On Dec. 6, 132 scarves will hang from trees, benches and display boards at all three University of Toronto (U of T) campuses to recognize the importance of Bill 132. The scarf installation, called STEELwool, is a visual display against workplace violence. STEELwool is a project of the United Steelworkers (USW) Local 1998 Human Rights Committee.
In September, Bill 132 made workplace sexual harassment a health and safety priority by adding it to the Ontario Health and Safety Act. Over the past three months, United Steelworkers Local 1998 members and volunteers have been knitting and crocheting scarves to educate members about the new policy at the University of Toronto.
The new legislation requires employers to have specific policies and programs in place that ensure workplace harassment is appropriately investigated.
Dubbed STEELwool, the project brought together veteran and novice knitters. STEELwool culminates with a one-day art installation of colourful handmade scarves – each tagged with the name of the creator – at all three campuses.
“The project theme is warming all people of any gender, race, age, sexual orientation and ability across U of T. It was developed and organized by the USW Local 1998 Human Rights Committee,” said Colleen Burke, President of USW Local 1998.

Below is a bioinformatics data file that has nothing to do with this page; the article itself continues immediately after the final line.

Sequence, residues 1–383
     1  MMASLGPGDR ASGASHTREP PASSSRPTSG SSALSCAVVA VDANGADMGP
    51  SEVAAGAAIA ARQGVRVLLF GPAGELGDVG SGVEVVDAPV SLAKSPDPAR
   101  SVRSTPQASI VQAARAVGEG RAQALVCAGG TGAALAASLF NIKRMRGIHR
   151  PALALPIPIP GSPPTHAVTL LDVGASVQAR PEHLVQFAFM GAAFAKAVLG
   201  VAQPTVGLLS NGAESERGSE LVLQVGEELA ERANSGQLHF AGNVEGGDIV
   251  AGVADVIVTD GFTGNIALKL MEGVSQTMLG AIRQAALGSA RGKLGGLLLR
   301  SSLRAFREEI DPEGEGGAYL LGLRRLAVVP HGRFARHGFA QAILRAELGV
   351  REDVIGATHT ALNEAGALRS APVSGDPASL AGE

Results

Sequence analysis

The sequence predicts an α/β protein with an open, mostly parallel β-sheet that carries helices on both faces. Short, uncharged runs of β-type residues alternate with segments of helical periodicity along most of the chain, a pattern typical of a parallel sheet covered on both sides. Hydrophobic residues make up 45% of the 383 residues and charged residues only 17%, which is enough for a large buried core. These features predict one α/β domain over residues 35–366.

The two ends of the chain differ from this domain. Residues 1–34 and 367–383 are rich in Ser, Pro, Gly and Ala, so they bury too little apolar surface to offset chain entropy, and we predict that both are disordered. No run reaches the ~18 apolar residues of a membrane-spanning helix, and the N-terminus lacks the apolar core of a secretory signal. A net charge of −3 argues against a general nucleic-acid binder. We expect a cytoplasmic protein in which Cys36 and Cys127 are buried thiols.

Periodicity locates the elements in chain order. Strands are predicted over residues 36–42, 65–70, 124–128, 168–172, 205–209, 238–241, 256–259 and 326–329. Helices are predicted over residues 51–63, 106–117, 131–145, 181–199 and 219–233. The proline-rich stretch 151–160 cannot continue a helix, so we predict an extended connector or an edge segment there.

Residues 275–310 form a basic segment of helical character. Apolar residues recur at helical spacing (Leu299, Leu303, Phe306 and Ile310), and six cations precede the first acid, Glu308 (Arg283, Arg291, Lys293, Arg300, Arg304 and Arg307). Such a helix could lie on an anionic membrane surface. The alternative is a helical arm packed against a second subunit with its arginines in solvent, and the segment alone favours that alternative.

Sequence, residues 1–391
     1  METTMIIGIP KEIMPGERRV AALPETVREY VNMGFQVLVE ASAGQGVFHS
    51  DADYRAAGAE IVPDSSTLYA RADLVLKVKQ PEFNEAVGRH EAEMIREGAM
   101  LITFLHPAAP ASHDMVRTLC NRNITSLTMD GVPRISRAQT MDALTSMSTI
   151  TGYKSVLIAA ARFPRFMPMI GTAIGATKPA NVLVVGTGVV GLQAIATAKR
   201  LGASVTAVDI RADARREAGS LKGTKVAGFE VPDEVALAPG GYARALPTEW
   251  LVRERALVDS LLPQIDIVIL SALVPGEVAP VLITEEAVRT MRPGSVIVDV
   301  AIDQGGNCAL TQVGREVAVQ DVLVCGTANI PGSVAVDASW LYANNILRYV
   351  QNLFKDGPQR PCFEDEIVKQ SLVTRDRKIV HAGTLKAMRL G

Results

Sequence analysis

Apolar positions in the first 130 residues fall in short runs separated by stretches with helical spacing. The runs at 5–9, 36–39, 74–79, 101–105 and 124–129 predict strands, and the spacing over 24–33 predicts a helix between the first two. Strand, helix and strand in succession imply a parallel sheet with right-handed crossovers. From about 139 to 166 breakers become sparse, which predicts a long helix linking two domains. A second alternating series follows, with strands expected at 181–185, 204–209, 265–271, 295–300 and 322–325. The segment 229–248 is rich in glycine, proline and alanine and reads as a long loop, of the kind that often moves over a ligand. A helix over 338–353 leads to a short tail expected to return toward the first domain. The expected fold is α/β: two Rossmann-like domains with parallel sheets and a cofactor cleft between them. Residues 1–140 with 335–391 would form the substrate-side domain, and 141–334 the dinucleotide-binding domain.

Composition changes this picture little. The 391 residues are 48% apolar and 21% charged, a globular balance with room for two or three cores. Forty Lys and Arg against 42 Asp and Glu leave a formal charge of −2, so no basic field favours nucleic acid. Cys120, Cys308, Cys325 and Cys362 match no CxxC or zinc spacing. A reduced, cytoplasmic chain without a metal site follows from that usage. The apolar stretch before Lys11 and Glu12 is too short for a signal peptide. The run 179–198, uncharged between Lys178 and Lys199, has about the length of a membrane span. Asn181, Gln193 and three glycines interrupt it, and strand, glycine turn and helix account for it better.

Following the installation, the scarves will be donated to various charities across Toronto and the GTA.
United Steelworkers Local 1998 represents over 8,000 administrative and technical staff at the University of Toronto, University of St. Michael’s College, Victoria University and University of Toronto Schools.
December 6, 2016, marks the 27th anniversary of the École Polytechnique Massacre, also known as the Montreal Massacre, where 28 people were shot and 14 women were killed. December 6 is the National Day of Remembrance and Action on Violence Against Women.